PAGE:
As Alaska flight options multiply, here’s what looks good — and what doesn’t

Travelers have so many questions. “What’s on sale … and what’s not?” “Who’s flying and who’s not?” “Which border is open … and which is not?”

For the past year, it’s been a struggle to plan, because of the raging COVID-19 pandemic. Flights were canceled, borders were closed and most people just weren’t going anywhere.

Now that more travelers are getting vaccinated, there’s a little more confidence — and more routes are opening up, even though international travel still is hobbled by COVID.

What’s on sale? Tickets from Alaska to most destinations in the Lower 48. Travel in May and June is really cheap to destinations like Washington, D.C. ($129 one-way on American), Atlanta ($119 one-way on Delta’s nonstop) and Orlando ($129 one-way on American). Even prices to hubs like Houston, Detroit and Minneapolis are on sale.

What’s not on sale? Hawaii. The world knows that COVID-19 infection rates are low in the islands. So travelers are jumping through the testing hoops to get there. Alaska Airlines offers nonstop flights from Anchorage to both Maui and Honolulu. Prices are $298 one-way.

But there are changes for travelers headed to Hawaii. In Maui, travelers will be subject to an additional COVID-19 test on arrival, according to Maui Mayor Michael Victorino. The mayor hopes to launch the program by late May.

International destinations also are not on sale, because most of the borders still are closed. There are some countries that still welcome U.S. visitors, but you may want to think twice about going to areas in Mexico or Brazil where virus numbers are on the rise.

Who’s flying? Airlines that fly year-round to Alaska, including Alaska Airlines, Delta and United are adding more flights. So are summer-only carriers like American Airlines and Sun Country. In fact, American Airlines has upgraded its nonstops from Dallas and Chicago to Anchorage to Boeing 787s.

Who’s not flying? Eurowings. The airline was scheduled to start flying from Anchorage to Frankfurt in June. Since much of Europe is once again in a pandemic-related lockdown, the airline is going to wait until 2022. I suspect the same will be true of Condor.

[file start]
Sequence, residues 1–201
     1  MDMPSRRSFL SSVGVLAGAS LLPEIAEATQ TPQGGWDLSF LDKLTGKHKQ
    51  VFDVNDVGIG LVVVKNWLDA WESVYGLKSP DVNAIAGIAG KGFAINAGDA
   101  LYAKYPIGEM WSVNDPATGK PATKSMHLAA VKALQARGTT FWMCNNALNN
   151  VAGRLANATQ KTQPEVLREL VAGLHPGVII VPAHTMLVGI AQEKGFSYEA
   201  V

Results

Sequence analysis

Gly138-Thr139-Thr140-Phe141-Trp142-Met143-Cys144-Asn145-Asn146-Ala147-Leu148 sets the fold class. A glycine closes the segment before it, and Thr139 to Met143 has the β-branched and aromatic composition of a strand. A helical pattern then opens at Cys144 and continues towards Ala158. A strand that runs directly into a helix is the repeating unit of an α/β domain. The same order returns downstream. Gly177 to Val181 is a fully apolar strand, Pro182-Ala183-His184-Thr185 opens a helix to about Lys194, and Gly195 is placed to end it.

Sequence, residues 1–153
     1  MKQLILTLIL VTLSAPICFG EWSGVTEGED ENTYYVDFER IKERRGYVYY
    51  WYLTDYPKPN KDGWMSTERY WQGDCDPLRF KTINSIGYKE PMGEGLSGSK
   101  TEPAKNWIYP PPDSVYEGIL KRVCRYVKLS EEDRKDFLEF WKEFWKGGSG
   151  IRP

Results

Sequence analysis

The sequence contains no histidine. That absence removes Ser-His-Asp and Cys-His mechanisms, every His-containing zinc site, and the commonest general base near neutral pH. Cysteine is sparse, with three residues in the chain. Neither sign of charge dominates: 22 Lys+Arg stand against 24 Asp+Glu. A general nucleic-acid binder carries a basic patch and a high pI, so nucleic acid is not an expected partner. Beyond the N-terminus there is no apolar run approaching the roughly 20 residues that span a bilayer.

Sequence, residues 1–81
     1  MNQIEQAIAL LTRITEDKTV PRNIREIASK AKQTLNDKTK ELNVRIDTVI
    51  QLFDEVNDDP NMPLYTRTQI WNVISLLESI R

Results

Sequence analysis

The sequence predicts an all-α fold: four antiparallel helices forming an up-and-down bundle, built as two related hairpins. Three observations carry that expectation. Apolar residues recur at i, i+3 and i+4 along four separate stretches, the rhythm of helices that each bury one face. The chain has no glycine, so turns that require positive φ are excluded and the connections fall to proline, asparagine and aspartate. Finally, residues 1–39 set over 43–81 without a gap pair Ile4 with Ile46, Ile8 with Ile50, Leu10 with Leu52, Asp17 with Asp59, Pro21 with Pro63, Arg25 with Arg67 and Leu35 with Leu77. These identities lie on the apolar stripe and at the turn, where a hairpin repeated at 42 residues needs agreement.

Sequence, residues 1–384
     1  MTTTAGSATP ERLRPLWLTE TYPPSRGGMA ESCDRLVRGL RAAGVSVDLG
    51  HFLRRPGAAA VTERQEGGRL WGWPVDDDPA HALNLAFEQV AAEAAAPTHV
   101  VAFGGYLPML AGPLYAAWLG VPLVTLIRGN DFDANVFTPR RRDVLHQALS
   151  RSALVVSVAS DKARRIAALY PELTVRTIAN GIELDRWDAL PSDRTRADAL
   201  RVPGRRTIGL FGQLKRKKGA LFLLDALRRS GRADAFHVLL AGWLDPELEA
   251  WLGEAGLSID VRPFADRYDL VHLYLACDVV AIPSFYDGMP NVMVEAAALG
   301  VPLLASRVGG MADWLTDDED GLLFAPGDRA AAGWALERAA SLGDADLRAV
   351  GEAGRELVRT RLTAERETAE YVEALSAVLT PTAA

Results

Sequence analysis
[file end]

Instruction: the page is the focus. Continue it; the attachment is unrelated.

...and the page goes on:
A shopper pauses to look at a sign spelling out the word ’Denver ’ while shopping in the Denver Pavilions Tuesday, Dec. 29, 2020, in downtown Denver. (AP Photo/David Zalubowski)

Frontier Airlines flies twice each week between Anchorage and Denver starting June 10. The cheapest fare on Frontier is $78 one-way on their nonstop flight. That price does not include a seat assignment and you cannot bring a regular-size carry-on aboard. There are strong incentives to get you to buy a bundle of “perks” for $43 that includes a seat assignment, a carry-on bag and a checked bag. Add these two charges together and the Frontier flight costs the same as nonstop flights offered by Alaska Airlines or United.

But the “low fare, high fee” model is the preferred business plan for ultra low-cost carriers like Frontier, Allegiant, Sun Country and Spirit. Even if you never fly a “ULCC,” you can thank them for keeping fares low at legacy airlines.

The same is true for Anchorage-Minneapolis nonstops on Sun Country Air. Right now, the airline offers nonstop flights for as little as $114 one-way, without any carry-on bags, seat assignments or checked bags included. Flying on Delta’s plane costs just $119 one-way. At least you can bring a full-size carry-on bag aboard.

As airlines “unbundle” the travel experience, flyers end up shelling out extra money for lots of things that used to be included. All of the prices I mention are for “saver” or “basic economy” tickets. Usually, that means the tickets are non-changeable, there’s no seat assignment and you board last.

Since I like to pre-reserve an aisle seat, I don’t buy the “saver” class. Usually, a main cabin ticket costs about $30-$45 more each way. There are additional charges for extra legroom in premium class (called “Comfort+” on Delta).

While tickets to many popular cities are on sale now, so are fares to gateways to some of the Lower 48′s wide-open places. From Anchorage to Bozeman, Montana, the fare is just $109 one-way (saver fare) in May on either Alaska Airlines or Delta. Bozeman is close to Yellowstone National Park.

If you want to go to Utah to see the state’s national parks, you can fly nonstop on Delta to Salt Lake City for $109 one-way. If you have your heart set on the Grand Canyon, you can fly to either Phoenix or Las Vegas for $119 one-way in May.

In this May 15, 2020 file photo, Tanya Wyler takes a photograph as Matthias Zather and Ines Zather, all of Switzerland, gather at the Grand Canyon in Grand Canyon, Ariz. (AP Photo/Matt York, File)

In addition to dropping fares, airlines are getting more competitive with frequent flyer awards. Delta has some great Skymiles deals for travel in May, including Anchorage-Seattle for 8,000 miles round-trip, and Anchorage to Atlanta, Houston or Minneapolis for 15,000 round-trip.

If you don’t have any Skymiles to spend, scan Delta’s website for a credit card offer from American Express. I found the Delta “Gold” card,which featured a $200 statement credit when you buy a Delta ticket, plus 70,000 Skymiles when you spend $2,000 within three months.

Alaska Airlines offers 5,000-mile one-way tickets from Anchorage to Juneau, Sitka, Yakutat, Cordova, Nome, Kotzebue and Fairbanks. For most of these destinations, that’s a great deal. But not Fairbanks. That’s because Anchorage-Fairbanks is on sale all summer long since United is offering one flight each day for $49. So Alaska matched the fare between June 3 and Sept. 29.

Right now the best prices for either miles or money are in May and early June. After that, airlines are banking on pent-up demand for travel to fill up the planes, with corresponding higher prices. We’ll see.

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